3.4 Students will demonstrate an ability to apply principles, concepts, and theories studied
3.5 Students will demonstrate the ability to identify and evaluate philosophical arguments
3.6 Students are expected to practice leadership skills and construct arguments of their own
3.7 Students are encouraged to think clearly and formulate and revise their own opinions 
3.8 Students will demonstrate an ability to approach new ideas with an open mind
  
Journals:

Each assignment is to be read by the date assigned.  In your philosophy journal, record your notes on the assigned philosopher(s) read for each day, your reader-response, and then your class discussion notes.  Your notes should be about ½ to ¾ of a page, preferably in an outline form.  Your reader-response entry should be a reflective paragraph that reveals your questions, insights, interpretations, analysis, and commentary.  The journal is required and will be weighted approximately 50% of your grade each quarter.  Without a completed journal, you will not pass the course.  Note: you will be able to use your journals for unannounced quizzes and for your final exam.  You can see how valuable it will be for your grade in this class.  If you type this journal, you will earn an extra 2% of your point total for each quarter grade.
 Use this format for your journal:
 For introduction of each entry, record —

Number of Entry – Date of Assignment – Title of Assignment
for example: (#3 Date Pre-Socratic Philosophers: Thales, Anaximander, Anaximenes)

For order of entries—

Your Notes from the Reading Assignment – Your Reader Response – Your Class Discussion Notes (and any Additional Responses you may have based upon our Class Discussion)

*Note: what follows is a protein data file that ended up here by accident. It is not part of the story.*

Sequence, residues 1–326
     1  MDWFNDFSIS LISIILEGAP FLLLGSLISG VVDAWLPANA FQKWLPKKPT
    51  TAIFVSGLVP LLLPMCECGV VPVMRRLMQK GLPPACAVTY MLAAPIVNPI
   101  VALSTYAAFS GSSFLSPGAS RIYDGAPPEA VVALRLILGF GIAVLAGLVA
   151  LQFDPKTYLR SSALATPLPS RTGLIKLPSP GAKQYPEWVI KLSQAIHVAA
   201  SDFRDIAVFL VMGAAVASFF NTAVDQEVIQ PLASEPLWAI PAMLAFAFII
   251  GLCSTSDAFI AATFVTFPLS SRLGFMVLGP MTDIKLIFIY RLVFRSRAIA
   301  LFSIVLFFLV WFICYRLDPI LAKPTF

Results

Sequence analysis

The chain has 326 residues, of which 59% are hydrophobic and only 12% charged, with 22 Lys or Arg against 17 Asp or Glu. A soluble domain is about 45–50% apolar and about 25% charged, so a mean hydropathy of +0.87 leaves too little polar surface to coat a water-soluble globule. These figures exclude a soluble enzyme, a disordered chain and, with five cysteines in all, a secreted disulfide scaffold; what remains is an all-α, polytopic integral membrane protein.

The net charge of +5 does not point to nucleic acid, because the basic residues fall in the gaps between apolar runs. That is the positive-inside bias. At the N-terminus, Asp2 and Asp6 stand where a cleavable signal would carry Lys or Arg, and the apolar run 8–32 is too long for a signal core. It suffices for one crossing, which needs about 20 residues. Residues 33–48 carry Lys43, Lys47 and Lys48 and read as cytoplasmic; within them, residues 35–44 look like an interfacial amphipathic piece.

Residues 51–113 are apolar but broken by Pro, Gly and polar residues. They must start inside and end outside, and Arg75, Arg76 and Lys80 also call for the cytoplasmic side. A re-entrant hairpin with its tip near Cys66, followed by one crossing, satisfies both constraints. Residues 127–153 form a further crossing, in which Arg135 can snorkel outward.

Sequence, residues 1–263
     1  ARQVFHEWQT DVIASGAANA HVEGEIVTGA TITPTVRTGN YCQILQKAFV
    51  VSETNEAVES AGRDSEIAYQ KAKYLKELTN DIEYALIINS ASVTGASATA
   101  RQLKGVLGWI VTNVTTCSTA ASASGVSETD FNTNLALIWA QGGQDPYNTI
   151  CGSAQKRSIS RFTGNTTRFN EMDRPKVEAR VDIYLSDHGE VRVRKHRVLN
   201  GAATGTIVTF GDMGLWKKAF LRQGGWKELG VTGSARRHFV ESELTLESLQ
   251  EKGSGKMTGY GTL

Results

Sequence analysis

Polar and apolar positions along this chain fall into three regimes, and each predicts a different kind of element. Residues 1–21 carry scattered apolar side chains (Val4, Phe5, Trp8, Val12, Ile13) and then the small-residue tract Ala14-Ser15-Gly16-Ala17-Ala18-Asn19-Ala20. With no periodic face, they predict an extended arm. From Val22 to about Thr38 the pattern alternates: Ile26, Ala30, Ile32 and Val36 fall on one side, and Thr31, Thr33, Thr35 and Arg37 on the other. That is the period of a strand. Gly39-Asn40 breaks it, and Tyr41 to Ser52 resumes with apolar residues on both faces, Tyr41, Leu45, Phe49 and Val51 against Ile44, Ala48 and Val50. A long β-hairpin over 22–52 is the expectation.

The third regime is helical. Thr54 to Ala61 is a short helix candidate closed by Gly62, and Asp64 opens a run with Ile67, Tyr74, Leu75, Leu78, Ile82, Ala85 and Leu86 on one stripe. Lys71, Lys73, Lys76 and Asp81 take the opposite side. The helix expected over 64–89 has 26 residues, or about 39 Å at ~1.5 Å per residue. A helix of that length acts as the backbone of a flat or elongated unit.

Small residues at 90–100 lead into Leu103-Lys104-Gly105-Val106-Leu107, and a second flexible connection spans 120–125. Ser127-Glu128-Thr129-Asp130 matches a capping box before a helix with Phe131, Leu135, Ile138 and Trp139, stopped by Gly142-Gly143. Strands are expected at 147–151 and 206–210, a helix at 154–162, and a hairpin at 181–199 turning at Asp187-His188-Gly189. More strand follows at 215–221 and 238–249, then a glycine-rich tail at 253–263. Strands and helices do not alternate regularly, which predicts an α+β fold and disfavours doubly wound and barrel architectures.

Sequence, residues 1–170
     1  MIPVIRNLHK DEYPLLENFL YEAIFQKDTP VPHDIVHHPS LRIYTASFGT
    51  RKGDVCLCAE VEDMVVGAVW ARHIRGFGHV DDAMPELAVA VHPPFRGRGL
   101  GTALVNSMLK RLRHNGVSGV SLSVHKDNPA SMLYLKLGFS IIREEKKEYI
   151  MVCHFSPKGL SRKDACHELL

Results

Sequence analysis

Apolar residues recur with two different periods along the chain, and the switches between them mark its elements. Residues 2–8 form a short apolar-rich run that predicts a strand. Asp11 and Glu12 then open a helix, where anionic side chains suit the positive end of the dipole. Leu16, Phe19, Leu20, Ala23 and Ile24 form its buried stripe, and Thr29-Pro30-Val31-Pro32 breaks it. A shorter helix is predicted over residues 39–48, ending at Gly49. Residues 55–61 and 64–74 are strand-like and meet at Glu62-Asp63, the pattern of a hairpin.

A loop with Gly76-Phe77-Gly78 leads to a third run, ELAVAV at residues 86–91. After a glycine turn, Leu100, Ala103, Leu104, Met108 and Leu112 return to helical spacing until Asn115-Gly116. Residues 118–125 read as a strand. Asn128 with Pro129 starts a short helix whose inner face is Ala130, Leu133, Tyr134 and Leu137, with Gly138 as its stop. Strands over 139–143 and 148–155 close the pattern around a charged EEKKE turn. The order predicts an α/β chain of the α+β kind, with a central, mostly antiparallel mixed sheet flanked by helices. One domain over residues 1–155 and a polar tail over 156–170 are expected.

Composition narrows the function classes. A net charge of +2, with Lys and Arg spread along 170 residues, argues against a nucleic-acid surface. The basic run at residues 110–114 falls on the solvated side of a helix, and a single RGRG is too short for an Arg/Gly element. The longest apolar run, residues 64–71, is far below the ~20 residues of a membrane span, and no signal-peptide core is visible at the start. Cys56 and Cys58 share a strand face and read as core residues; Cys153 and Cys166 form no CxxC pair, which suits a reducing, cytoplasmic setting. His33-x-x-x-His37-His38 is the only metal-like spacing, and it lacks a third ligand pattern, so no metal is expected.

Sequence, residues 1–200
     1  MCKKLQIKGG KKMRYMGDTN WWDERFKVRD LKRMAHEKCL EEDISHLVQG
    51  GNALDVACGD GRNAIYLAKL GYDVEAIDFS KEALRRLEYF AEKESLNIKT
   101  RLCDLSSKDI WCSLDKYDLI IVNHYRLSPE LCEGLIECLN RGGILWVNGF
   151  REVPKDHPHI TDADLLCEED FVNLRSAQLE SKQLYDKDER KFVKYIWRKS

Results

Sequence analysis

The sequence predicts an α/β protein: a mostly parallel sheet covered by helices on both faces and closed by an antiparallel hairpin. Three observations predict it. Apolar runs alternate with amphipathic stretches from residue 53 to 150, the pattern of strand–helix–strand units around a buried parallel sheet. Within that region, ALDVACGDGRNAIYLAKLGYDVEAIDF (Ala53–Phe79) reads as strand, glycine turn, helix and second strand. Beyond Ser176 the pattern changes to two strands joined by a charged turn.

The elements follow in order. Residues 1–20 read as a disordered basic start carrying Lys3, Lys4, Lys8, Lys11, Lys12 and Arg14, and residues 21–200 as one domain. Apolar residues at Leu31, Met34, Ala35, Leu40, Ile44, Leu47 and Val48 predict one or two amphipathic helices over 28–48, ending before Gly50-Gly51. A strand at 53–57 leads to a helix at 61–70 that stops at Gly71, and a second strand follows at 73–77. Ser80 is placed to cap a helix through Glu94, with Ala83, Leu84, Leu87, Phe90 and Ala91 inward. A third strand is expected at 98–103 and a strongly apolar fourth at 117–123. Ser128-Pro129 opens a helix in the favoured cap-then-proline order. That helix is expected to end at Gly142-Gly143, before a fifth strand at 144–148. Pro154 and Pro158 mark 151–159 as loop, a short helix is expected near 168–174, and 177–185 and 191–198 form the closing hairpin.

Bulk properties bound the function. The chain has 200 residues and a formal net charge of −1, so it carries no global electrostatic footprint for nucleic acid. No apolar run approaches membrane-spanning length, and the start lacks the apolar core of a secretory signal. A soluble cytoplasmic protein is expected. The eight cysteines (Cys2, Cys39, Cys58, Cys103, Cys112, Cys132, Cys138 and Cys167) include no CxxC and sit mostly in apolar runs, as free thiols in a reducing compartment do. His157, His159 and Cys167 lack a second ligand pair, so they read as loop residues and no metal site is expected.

Student Discussion Leaders:

For each day that we discuss the philosophers assigned, we will have 2-3 discussion leaders for our class.  They will be assigned in advance.  Discussion leaders are responsible for summarizing the most important points, leading class discussion, asking pertinent questions, analyzing the philosophers under question, and connecting and synthesizing philosophical ideas from previous philosophies.  The rest of the students will be taking notes, asking questions, and responding to discussion.  To help you do a fine job, leaders should check out this website: http://www.iep.utm.edu  Active daily participation and assigned leadership roles will earn you an additional 1-5% of your point total for each quarter grade.

Quizzes and Tests: All quizzes are usually unannounced, but you may use your journal notebooks while taking them.  Bring them to class each day!  Quizzes are weighted approximately 50% of your grade.  The only test we will have is the Final Exam.

Homework Policy:  No late journal is accepted.  Keep up with the assignments so you won’t fall behind or do poorly on the quizzes. Always be prepared. 

Absences:  It is your responsibility to follow the class calendar and to inquire about any class that you miss.  If you have an excused absence from class, you must make up the quiz the day of your return before school.  If you have a field trip, you must take your quiz the day it is scheduled before school.  Failure to follow these directions will result in a zero.

Plagiarism:  Borrowing facts, ideas, or language from others without crediting the source is plagiarism.  It is your responsibility to read, understand, and adhere to the Plagiarism and Cheating Policy. 

Teacher Availability:  You are responsible for your own education and intellectual development.  If you do not understand what is being discussed in class, set up a conference with me before school.  

Philosophy, 1st Quarter:
All reading and writing assignments are due on designated dates.  Be prepared!  Quizzes may be unannounced.
                                                                                                               
M. 8-25                 Calendar of Assignments and Other Pertinent Information for You